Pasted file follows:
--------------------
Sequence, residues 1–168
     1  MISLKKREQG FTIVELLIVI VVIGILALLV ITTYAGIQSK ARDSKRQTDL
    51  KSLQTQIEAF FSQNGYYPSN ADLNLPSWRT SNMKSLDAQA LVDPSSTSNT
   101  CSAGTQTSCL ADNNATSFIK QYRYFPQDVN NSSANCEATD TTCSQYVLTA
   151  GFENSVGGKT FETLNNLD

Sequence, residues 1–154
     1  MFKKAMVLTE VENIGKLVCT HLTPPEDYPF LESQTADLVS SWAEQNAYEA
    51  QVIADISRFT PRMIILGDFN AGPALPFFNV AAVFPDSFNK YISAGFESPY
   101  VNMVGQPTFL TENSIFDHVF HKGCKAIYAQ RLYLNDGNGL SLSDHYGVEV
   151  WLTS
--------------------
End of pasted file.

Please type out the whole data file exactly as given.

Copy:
Sequence, residues 1–168
     1  MISLKKREQG FTIVELLIVI VVIGILALLV ITTYAGIQSK ARDSKRQTDL
    51  KSLQTQIEAF FSQNGYYPSN ADLNLPSWRT SNMKSLDAQA LVDPSSTSNT
   101  CSAGTQTSCL ADNNATSFIK QYRYFPQDVN NSSANCEATD TTCSQYVLTA
   151  GFENSVGGKT FETLNNLD

Sequence, residues 1–154
     1  MFKKAMVLTE VENIGKLVCT HLTPPEDYPF LESQTADLVS SWAEQNAYEA
    51  QVIADISRFT PRMIILGDFN AGPALPFFNV AAVFPDSFNK YISAGFESPY
   101  VNMVGQPTFL TENSIFDHVF HKGCKAIYAQ RLYLNDGNGL SLSDHYGVEV
   151  WLTS